Formal and informal training of musicians in order to perfect their art.
Building of cultural centres where musicians can rehearse and perform in both cities and villages.

Formation of a strong musicians’ union.
Crafting of legislation against music piracy.

Building of recording studios for talented musicians who cannot afford to pay commercial studio rates.
Establishment of music scholarships.

Arranging musical workshops and music festivals.
Training of local youths to manufacture musical instruments.

Creating of musical markets within and outside Zimbabwe, and assisting musicians with the importation of musical equipment.
Without elaborating on these ideas, it can be seen that with the right political will, within a year, if these ideas were followed, most of them would have been implemented and the music industry would have greatly improved.

In Jamaica, the government built recording studios where talented youths would record for free and only when they made it, would be asked to donate back to the communities which helped them.

This policy worked and still does.
In Zimbabwe, there  are very few institutions which support music as the perception is that music is employment for vagrants and uneducated people only.
This is far from the truth and that kind of thinking is what is slowing down advancement in the industry.

The University of Zimbabwe is the oldest higher educational institution in the country, yet since its establishment in 1955, it does not have a department of music.
The closest department to music is the department of Theatre Arts because it cannot avoid including a bit of music in its curriculum.

In the past twenty years, I have written proposal after proposal to help the institution to establish a department of music, but my proposal was thrown out on several occasions.

Africa University where I worked for a year, was quick to accept my proposal and there are thriving music departments in the Faculty of Humanities and The Faculty of Education.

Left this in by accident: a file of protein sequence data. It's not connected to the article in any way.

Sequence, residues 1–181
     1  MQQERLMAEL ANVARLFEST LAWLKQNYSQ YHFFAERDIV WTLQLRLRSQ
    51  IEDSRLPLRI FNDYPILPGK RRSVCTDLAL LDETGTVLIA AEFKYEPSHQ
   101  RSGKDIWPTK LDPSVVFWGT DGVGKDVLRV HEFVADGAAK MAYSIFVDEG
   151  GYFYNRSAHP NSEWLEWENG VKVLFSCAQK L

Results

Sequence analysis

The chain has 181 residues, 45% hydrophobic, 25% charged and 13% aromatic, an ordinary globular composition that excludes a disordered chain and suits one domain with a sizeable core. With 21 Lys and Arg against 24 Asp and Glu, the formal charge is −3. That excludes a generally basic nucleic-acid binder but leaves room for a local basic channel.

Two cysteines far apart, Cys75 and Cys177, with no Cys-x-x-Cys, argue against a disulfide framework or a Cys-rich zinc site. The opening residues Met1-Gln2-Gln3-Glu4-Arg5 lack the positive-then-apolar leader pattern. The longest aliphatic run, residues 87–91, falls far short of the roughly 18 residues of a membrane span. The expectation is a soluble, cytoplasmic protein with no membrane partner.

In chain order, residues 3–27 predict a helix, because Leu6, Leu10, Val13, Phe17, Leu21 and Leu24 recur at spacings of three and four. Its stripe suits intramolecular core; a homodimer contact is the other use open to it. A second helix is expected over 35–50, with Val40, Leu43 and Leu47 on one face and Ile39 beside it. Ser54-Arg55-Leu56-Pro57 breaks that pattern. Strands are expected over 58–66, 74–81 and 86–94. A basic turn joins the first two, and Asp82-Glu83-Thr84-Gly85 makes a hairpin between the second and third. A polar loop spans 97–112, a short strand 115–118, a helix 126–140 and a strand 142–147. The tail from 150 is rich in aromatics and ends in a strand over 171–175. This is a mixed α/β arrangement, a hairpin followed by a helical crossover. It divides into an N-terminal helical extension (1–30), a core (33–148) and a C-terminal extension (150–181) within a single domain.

Midlands State University has followed suit.
There are eleven more universities in the country but none of them offers degrees in music.

How then can we train musicians if universities are reluctant to do so?
We are lucky to have institutions like Zimbabwe College of Music  and Music Crossroads Academy in Harare as well as Kwanengoma College in Bulawayo which offer some music programmes. If universities were offering the training perhaps there would be no need to import musical instruments into the country as students in universities would be trained in instrument manufacturing.

Bob Nyabinde has been manufacturing guitars which meet world standards for a long time.
Why has he not been approached and given resources to teach unemployed young people to do the same so that they can sustain themselves?

The politics of music is tricky. Perhaps the government does not want to get involved because it costs money to put the required resources in place. What I know, however, is that if the required resources are provided, a lot of musicians would be empowered and the economy would also improve.

Minister Walter Mzembi has suggested an ambitious project of hosting world cup in Zimbabwe.
If someone in government thinks that is possible, it is therefore easier to build music venues, import musical equipment and organise cultural centres.

With a music policy in place, the government will assist in protecting the musicians through making sure that they know their rights, thus avoiding exploitation by greedy promoters.